My rifle whipped through the air. It hit the young man hard and solid on the side of his head, with a dull crack reporting the blow. My head suddenly burst into pain and remorse.

I saw my mother in the kitchen, preparing a meal for my family.

My head grew hotter.

I saw my father sitting in the study, reading the newspaper solemnly.

Searing hot liquid ran down my throat as I bit into my tongue.

I saw my neighbor, a Jew who happened to be the Rabbi at the local synagogue in my neighborhood.

Pain tore at my eyes, threatening to rip them out.

I saw the Rabbi's daughter walking next to me, smiling, laughing, and holding my hand as the sun set in the distant mountains.

I released my pent up anger, howling with rage and frustration I was sure would never be matched by a man, and began to bludgeon the young Jewish man on the chest and sides with the butt of my rifle.

Why? Why must all this be done?

One of his ribs cracked under a swift blow underneath his right breast.

I can't do this, I WON'T do this, I just don't understand.

His shoulder ripped out of its socket as he tried rolling away and a blow landed solidly under his armpit.

I have lived with these people all my life; I have shared pain and memories with these people... I have loved these people without so much as a whisper of hesitation.

Blood spattered on my uniform and skin as I redirected my blows towards his face. The rich red liquid poured from his mouth freely; his jaw had been fractured so badly that bone jutted out underneath his cheek. He was still miraculously alive, his chest breathing shallowly and with obvious hesitation and effort.

I crouched low next to his body, the bile rising back into my mouth, but this time I could not hold it. Shuffling to one of the corners of the rooms, I heaved as the contents of my stomach sickly spewed onto the floor.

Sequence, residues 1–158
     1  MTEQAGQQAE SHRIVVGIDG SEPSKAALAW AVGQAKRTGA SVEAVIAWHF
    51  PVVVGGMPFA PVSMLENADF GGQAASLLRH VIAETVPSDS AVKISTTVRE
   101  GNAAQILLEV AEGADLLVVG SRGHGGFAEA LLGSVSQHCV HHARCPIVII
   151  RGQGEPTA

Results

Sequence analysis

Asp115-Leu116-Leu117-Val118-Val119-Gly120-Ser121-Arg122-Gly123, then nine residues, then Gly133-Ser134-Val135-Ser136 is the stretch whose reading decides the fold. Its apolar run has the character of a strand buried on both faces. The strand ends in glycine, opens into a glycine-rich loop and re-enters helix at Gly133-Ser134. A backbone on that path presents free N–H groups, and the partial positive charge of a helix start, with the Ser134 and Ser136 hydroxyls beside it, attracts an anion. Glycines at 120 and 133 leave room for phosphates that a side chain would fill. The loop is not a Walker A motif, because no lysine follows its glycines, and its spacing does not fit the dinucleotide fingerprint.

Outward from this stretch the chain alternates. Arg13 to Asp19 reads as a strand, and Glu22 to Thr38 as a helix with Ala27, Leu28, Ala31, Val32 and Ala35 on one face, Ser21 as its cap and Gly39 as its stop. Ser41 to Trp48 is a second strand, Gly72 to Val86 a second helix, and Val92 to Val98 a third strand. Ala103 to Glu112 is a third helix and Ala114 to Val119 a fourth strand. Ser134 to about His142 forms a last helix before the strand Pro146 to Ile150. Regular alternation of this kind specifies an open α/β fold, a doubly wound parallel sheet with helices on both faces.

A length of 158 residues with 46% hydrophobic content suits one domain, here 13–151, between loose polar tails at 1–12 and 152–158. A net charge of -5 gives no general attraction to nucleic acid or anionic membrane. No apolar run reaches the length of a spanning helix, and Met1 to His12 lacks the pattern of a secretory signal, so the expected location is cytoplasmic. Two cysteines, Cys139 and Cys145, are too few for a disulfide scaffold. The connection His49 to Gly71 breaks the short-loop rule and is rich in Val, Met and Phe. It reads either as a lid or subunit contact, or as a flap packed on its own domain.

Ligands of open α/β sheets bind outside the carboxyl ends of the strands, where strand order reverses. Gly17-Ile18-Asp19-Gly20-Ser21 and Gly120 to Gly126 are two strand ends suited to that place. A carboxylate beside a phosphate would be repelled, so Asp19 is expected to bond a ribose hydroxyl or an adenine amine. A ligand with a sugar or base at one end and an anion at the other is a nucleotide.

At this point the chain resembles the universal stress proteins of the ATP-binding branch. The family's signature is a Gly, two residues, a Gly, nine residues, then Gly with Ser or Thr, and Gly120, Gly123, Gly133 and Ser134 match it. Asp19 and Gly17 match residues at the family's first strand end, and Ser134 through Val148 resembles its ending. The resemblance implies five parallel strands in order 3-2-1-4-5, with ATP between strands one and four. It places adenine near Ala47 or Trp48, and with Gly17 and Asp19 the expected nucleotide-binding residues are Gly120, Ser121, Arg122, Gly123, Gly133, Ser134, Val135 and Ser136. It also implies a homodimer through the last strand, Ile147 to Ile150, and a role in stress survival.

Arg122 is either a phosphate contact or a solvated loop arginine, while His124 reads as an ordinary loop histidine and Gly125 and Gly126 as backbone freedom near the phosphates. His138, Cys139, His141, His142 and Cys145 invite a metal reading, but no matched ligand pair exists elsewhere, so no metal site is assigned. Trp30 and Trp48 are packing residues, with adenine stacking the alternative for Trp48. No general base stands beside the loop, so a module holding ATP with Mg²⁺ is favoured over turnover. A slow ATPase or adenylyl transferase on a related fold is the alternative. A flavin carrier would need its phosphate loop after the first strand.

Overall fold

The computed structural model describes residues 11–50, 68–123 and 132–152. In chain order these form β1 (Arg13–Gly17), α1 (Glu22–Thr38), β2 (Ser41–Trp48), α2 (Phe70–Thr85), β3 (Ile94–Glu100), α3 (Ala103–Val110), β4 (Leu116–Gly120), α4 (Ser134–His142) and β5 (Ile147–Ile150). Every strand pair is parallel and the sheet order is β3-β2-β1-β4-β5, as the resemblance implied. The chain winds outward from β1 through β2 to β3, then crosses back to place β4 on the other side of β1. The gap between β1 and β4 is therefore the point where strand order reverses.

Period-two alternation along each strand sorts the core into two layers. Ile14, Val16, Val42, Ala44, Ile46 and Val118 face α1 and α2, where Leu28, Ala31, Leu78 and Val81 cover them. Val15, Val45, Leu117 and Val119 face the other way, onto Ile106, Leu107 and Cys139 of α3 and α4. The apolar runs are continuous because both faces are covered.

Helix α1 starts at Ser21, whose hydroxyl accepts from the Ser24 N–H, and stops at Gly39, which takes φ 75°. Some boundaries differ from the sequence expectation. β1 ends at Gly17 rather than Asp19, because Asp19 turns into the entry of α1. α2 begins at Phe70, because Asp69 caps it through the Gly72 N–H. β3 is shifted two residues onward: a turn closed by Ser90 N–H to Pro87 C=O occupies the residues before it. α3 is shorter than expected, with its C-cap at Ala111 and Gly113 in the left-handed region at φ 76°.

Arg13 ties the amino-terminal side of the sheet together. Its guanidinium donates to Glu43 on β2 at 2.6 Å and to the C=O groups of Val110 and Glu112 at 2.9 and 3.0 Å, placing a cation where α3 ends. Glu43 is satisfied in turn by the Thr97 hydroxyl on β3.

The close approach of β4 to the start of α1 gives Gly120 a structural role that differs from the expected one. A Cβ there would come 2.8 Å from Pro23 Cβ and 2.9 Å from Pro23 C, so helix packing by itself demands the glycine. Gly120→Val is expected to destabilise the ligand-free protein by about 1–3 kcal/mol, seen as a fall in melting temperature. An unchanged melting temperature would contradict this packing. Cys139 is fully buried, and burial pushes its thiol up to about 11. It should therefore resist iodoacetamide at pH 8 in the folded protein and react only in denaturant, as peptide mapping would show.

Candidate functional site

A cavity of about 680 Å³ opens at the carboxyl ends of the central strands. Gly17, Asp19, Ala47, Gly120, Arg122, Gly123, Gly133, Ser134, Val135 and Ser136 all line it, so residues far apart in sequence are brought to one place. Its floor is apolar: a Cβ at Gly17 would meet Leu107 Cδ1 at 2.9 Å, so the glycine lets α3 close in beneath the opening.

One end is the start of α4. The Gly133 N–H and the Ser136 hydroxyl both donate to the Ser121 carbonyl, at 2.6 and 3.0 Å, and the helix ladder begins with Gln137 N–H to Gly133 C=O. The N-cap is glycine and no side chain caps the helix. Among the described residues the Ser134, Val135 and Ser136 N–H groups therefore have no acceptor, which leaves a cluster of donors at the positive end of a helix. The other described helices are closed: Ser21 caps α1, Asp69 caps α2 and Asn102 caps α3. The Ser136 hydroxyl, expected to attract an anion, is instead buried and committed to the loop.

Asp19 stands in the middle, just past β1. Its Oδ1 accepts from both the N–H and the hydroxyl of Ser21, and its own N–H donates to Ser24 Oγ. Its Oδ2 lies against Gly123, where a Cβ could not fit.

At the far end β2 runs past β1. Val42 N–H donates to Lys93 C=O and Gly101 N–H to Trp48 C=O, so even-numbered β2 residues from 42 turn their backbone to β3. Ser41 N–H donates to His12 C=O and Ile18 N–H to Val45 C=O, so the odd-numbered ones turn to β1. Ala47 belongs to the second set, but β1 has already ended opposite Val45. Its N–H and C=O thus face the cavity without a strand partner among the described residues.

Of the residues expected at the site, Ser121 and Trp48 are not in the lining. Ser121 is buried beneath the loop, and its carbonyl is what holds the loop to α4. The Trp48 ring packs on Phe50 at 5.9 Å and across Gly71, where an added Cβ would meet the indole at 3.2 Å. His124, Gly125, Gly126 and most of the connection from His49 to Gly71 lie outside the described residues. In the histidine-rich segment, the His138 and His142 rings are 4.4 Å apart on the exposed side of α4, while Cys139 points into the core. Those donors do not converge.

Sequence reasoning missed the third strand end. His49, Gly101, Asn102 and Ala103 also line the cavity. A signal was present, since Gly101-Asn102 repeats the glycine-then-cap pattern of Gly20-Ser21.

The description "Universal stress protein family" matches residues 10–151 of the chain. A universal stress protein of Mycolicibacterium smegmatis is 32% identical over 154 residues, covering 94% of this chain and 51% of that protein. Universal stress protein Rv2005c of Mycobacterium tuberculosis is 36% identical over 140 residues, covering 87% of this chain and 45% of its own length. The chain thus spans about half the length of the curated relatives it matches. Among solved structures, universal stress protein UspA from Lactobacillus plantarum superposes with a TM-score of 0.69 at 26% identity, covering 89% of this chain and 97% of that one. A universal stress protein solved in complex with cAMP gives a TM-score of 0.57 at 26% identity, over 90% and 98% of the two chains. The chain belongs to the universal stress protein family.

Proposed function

I then remembered that I was not the only one. I turned my attention to the surrounding area, and heard the screams of women, the shouts of men, and the wails of children. All of them innocent, all of them helpless.

I looked out the window and saw flames shooting into the midnight sky from a Jewish grocery store. Two Jews ran out of the inferno, a husband and a wife, both burned badly and covered in soot. I saw three fellow SS troops run over to them. They unslung their rifles and gripped them by the barrel. I grimaced as I heard the thuds of the solid wood as they made contact with the Jews, the people.

I was trying to divert my attention to something else when I noticed how bare the room was; just a bed, a small table, and a lamp. No items adorned the walls except for a painted Star of David above the bed and a cracked mirror above the table. I looked into the mirror and noticed the blood that blotted my face; I looked as if I had been crying crimson tears. My eyes were clouded with remorse, but pride was streaking through the empty spaces.

The floor had no carpeting, just wide, dark floorboards. Blood ran between the floorboards. That's when I remembered the defeated man lying, his life being quickly exhausted.

I crept towards him and looked at him. The breathing had stopped. I checked his pulse and found none. I looked into his eyes, searching for the same vibrant eyes I had just gazed into but two minutes ago. There was no sign of his soul remaining in his eyes, for they were dull and blank. They now only spoke one word: Why?

It was only a job, I thought, head throbbing, it was only a job.

Memories blurred past my weeping eyes, memories of brighter times, memories of dramatic times, memories of love, and memories of hate. I couldn't focus on a single memory and the different feelings began to overwhelm me.

All I heard was the shattering of fragile, innocent glass as my vision went dark.

My mind faded into an emptiness.

An emptiness as black as the night of broken glass.




Short story by Paul Vermette
Read 826 times
Written on 2016-06-30 at 06:28

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Kathy Lockhart
I am stunned. I want to to cry, sob, wail for this whole hellacious act brought on not just by one scared soldier but by the demon of Hell itself! Your writing is superb! I am amazed at how I am still trembling inside and out because your words brought history alive and put me in the middle of it. I am so humbled to be in such a place of such a time as this. My words escape me. I am overwhelmed with so many emotions by the knowledge oh historical fact and your fictional story bringing a personal scene alive. I applaud your courage and talent. 👏👏👏
2016-07-02